How to Stop ISIS with Information Cascades

Arguably the most memorable quote from President Obama’s address to the nation in September 2014 was, “Our objective is clear: We will degrade, and ultimately destroy, ISIS through a comprehensive and sustained counter-terrorism strategy.” Hearing this for the first time, many Americans likely assumed that this would be accomplished through some sort of military or economic action, such as a boots-on-the-ground surge or sanctions against ISIS’s financial benefactors. However, researchers from Arizona State University (ASU) were recently featured in an article for their unconventional social-media based approach to achieving this objective. They have asserted that by harnessing effects of information cascades it is possible to impede the spread of ISIS’s online recruitment propaganda.

“The best way to fight a network is with another network.”

— Dr. Hasan Davulcu

ISIS has seen remarkable success in using websites like Facebook and Twitter to recruit young adults, most often those who are searching for a sense of belonging, around the world. In fact, ISIS has been so successful that an internal government memo from the US Department of State admitted that “ISIS had ‘trumped’ attempts by several of the world’s most technologically advanced nations to thwart its progress online.” However, current attempts by the CyberSocio Intelligent-Systems Laboratory (CySIS) at ASU hope to stall the spread of online extremist ideology.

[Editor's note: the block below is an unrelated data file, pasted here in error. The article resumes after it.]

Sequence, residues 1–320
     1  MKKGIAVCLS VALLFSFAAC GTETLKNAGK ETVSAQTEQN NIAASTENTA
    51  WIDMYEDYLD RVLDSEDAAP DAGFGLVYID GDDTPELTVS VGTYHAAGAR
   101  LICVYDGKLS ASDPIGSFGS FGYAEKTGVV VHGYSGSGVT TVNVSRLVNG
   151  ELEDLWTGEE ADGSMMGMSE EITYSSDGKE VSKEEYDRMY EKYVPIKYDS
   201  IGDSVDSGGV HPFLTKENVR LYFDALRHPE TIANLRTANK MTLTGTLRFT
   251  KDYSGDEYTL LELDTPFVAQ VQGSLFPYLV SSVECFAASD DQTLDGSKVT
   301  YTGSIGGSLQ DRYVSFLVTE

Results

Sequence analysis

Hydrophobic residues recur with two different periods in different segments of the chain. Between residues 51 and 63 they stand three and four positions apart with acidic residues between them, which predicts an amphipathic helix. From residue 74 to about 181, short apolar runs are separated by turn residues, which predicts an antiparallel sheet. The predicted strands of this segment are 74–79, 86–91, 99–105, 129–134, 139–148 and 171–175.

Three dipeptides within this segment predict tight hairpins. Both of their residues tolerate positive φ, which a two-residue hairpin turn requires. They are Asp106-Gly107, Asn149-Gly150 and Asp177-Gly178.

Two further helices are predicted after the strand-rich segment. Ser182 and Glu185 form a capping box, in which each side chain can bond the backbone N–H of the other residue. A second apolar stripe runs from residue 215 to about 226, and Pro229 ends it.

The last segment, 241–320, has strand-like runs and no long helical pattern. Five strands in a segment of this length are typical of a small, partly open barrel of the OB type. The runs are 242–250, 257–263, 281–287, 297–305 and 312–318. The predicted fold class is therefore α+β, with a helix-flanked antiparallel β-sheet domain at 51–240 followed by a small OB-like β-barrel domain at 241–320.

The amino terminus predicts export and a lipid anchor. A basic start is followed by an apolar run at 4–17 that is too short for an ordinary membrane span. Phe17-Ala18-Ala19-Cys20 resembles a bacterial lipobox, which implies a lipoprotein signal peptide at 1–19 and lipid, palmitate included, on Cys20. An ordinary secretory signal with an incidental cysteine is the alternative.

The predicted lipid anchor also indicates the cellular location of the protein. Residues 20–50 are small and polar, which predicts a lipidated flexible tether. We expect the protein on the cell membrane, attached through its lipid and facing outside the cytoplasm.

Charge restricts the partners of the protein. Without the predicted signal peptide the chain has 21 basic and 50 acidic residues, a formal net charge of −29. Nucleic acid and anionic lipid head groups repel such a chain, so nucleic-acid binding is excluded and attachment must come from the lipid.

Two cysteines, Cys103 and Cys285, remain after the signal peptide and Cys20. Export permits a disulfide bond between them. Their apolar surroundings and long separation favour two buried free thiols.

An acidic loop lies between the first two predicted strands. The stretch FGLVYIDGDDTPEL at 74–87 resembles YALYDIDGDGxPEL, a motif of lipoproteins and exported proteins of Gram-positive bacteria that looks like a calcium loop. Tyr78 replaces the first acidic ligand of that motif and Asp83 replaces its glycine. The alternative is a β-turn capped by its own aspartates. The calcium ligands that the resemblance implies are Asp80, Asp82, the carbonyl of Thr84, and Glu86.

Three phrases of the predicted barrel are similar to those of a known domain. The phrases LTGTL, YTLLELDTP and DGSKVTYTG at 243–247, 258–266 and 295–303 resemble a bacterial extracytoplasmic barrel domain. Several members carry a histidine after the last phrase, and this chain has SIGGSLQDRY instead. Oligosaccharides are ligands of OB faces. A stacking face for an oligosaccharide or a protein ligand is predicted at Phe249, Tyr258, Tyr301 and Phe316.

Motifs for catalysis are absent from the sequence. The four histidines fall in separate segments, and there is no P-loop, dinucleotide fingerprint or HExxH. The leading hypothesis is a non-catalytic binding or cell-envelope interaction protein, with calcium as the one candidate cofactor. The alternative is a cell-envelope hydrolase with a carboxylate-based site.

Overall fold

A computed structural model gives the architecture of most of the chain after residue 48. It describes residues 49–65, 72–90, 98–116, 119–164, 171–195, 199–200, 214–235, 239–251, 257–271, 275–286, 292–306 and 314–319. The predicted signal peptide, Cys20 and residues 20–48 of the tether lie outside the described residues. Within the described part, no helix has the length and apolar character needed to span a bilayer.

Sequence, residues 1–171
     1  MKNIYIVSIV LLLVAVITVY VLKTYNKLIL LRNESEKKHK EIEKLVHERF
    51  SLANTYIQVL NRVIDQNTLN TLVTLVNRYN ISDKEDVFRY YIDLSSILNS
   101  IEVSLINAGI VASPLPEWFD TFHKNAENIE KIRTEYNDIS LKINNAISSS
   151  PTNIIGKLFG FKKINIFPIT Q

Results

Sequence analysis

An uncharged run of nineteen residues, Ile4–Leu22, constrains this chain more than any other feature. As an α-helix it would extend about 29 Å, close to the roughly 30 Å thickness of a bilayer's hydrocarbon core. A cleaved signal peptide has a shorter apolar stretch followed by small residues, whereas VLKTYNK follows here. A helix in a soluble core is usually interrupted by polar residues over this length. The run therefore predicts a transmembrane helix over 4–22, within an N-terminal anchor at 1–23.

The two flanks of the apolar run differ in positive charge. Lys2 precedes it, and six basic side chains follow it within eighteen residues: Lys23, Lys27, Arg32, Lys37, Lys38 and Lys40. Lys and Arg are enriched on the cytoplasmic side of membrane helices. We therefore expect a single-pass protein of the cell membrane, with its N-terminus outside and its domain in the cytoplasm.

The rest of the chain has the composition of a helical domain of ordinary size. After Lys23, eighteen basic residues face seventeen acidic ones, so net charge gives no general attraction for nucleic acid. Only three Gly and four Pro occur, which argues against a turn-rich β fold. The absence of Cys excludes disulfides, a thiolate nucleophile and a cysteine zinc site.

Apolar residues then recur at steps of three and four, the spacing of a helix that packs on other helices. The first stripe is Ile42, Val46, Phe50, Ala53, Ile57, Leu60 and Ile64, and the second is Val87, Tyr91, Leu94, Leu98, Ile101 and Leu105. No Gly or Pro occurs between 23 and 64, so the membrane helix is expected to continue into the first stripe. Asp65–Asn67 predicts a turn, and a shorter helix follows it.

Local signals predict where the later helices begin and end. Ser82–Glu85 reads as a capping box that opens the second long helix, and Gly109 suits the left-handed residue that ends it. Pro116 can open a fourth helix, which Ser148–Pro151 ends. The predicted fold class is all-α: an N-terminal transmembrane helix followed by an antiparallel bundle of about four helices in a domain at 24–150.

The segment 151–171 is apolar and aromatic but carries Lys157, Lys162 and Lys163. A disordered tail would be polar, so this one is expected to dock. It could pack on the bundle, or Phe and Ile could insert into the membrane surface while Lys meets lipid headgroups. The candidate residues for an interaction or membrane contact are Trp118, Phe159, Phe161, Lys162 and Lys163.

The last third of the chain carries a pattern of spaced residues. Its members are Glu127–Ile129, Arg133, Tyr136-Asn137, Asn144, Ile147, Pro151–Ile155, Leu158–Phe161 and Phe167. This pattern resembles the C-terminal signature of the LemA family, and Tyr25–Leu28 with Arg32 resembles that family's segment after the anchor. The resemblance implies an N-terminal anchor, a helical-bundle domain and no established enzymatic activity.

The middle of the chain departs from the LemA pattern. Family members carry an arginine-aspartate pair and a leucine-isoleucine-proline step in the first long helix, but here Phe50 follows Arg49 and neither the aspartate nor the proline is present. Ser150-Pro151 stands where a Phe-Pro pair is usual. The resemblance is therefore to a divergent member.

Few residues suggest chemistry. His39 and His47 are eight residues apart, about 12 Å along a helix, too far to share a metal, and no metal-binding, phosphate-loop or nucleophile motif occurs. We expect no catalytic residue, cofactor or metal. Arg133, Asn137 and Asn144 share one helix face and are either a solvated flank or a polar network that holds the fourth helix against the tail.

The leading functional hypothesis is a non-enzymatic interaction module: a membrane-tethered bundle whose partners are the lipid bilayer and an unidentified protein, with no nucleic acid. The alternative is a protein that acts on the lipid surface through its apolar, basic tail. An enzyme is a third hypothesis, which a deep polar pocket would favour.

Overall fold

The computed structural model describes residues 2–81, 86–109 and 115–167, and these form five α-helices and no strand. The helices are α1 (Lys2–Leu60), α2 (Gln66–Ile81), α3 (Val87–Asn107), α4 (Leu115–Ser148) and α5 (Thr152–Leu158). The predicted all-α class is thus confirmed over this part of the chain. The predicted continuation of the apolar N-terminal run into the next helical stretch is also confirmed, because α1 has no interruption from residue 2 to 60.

Dr. Hasan Davulcu from the School of Computing, Informatics, and Decision Systems Engineering at ASU, explains, “Online recruitment by groups like ISIS tends to be based on appeals to alienated individuals by promoting utopias as pull-factors and anti-western sentiments as push factors. Once we identify the core pull factors, we can block their online content promoting violence, amplify voices that point to inconsistencies between their ideology and the reality, and bring to view alternative voices who present a vision of a more peaceful, tolerant and progressive world.”

The analysis of information cascades is a crucial online research tool for CySIS. As we have discussed in class, an information cascade “has the potential to occur when people make decisions sequentially, with later people watching the actions of earlier people, and from these actions inferring something about what the earlier people know.” In an information cascade, the information you infer from other’s choices may be more powerful than your own personal information. “The spread of messages, memes or news items that go viral can have a structural diversity which is telling,” explains professor Paulo Shakarian from CySIS. “Firstly, a message that disperses into a variety of online communities is more likely to go viral. For example, if you were to receive the same tweet from three work colleagues, that’s only really one source and so is unlikely to spread much farther. If, on the other hand, you were to receive a tweet from a family member, a work colleague and an old college friend, that’s potentially more significant. We have developed metrics to assess the significance of how a message or micro blog spreads online.”

Over the next five years, CySIS will focus on Twitter use in countries such as Iraq, Syria, Nigeria, Indonesia, Malaysia and the U.K. due to their geographical nearness to ISIS itself and/or their large minority populations. CySIS will conduct field research in order to understand the various complexities of information cascades and how they apply to Twitter as its use differs from country to country. Eventually, CySIS hopes to actively contribute to the fight against ISIS and make the academic community understand the real-world effects of information cascades.

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